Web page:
The Condition-Dependent Transcriptional Landscape of Burkholderia pseudomallei
Wen Fong Ooi1*, Catherine Ong2*, Tannistha Nandi1, Jason F. Kreisberg1, Hui Hoon Chua1, Guangwen Sun3, Yahua Chen4, Claudia Mueller5, Laura Conejero6, Majid Eshaghi1, Roy Moh Lik Ang1, Jianhua Liu1, Bruno W. Sobral7,8, Sunee Korbsrisate9, Yunn Hwen Gan4, Richard W. Titball5, Gregory J. Bancroft6, Eric Valade10,11, Patrick Tan1,12,13,#
Burkholderia pseudomallei (Bp), the causative agent of the often-deadly infectious disease melioidosis, contains one of the largest prokaryotic genomes sequenced to date, at 7.2 Mb with two large circular chromosomes (1 and 2). To comprehensively delineate the Bp transcriptome, we integrated whole-genome tiling array expression data from Bp exposed to >80 diverse physical, chemical, and biological conditions. Our results provide direct experimental support for the strand-specific expression of 5467 Sanger protein-coding genes, 1041 operons, and 766 non-coding RNAs. A large proportion of these transcripts displayed condition-dependent expression, consistent with them playing functional roles. The two Bp chromosomes exhibited dramatically different transcriptional landscapes – Chr 1 genes were highly and constitutively expressed, while Chr 2 genes exhibited mosaic expression where distinct subsets were expressed in a strongly condition-dependent manner. We identified dozens of cis-regulatory motifs associated with specific condition-dependent expression programs, and used the condition compendium to elucidate key biological processes associated with two complex pathogen phenotypes – quorum sensing and in vivo infection. Our results demonstrate the utility of a Bp condition-compendium as a community resource for biological discovery. Moreover, the observation that specific in vitro cues exist that can activate significant portions of the Bp virulence machinery provides insights into Bp’s ability to act as an “accidental pathogen”, where genetic pathways used by the bacterium to survive in environmental niches may have contributed to its ability to colonize human hosts.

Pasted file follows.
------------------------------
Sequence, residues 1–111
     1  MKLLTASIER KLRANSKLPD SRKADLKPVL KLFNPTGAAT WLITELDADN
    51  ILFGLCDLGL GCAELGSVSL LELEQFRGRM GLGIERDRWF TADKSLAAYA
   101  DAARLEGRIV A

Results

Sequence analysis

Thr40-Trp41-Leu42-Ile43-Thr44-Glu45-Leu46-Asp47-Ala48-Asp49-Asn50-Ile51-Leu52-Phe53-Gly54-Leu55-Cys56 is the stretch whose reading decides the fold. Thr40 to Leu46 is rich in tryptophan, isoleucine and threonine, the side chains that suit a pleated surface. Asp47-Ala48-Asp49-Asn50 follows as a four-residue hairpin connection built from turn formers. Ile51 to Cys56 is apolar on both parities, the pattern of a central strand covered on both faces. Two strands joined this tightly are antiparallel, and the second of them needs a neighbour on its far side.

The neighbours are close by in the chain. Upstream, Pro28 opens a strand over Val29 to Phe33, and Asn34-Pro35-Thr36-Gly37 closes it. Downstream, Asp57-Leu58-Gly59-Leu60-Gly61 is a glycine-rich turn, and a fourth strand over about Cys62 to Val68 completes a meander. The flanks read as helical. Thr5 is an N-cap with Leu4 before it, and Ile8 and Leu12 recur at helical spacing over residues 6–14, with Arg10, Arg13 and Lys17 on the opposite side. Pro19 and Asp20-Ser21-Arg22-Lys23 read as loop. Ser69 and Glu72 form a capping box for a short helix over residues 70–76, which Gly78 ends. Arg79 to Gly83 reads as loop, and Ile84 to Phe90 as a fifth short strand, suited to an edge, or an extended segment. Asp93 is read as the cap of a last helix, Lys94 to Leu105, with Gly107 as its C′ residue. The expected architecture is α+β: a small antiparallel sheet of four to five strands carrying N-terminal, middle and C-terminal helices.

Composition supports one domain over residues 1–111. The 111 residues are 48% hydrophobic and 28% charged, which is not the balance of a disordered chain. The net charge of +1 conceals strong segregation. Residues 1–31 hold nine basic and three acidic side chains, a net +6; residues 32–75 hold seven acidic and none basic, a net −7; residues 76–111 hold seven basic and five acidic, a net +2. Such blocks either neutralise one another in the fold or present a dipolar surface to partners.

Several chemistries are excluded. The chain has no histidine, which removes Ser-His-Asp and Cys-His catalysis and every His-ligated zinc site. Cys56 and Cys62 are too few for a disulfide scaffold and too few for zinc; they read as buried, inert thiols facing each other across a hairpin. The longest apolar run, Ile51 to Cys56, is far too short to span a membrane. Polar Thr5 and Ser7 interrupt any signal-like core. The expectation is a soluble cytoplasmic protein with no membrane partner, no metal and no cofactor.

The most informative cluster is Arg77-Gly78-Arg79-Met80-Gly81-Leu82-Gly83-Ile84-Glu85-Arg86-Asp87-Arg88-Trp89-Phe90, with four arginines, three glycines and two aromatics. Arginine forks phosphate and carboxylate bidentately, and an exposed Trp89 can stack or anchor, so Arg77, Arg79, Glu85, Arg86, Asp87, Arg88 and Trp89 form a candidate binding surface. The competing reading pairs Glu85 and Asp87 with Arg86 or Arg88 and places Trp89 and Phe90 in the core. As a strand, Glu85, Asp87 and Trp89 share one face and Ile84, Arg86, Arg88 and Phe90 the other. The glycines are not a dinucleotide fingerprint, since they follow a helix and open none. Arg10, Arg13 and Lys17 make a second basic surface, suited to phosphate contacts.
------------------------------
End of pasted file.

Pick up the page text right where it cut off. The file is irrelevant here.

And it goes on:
- Quorum sensing (pmlI) regulated proteins (genes significantly differentially expressed, 562 up-regulated and 625 down-regulated, between quorum sensing mutants and wild-type Bp
- Network-predicted heat-shocked proteins (genes from the maximum relatedness of clusters network analysis, from clusters C131 and C265)
1Genome Institute of Singapore, Singapore, Republic of Singapore, 2DMERI@DSO, DSO National Laboratories, Singapore, Republic of Singapore, 3School of Applied Science, Republic Polytechnic, Singapore, Republic of Singapore, 4Department of Biochemistry, Yong Loo Lin School of Medicine, National University of Singapore, Singapore, Republic of Singapore, 5College of Life and Environmental Sciences, University of Exeter, Exeter, United Kingdom, 6Department of Immunology and Infection, Faculty of Infectious & Tropical Diseases, London School of Hygiene & Tropical Medicine, London, United Kingdom, 7Virginia Bioinformatics Institute at Virginia Tech, Blacksburg, United States of America, 8Current address: Nestle Institute of Health Sciences, Campus EPFL, Lausanne, Switzerland, 9Department of Immunology, Faculty of Medicine Siriraj Hospital, Mahidol University, Bangkok, Thailand, 10Institut de Recherche Biomédicale des Armées / CRSSA, La Tronche, France, 11Ecole du Val-de-Grâce, Paris, France, 12Duke-NUS Graduate Medical School, Singapore, Republic of Singapore, 13Cancer Science Institute of Singapore, National University of Singapore, Singapore, Republic of Singapore
* Equal Contribution
# Address Correspondence to email@example.com,Genome Institute of Singapore, 60 Biopolis Street, Genome, Singapore 138672, Telephone #: +65-64788182, Fax #: +65-64789003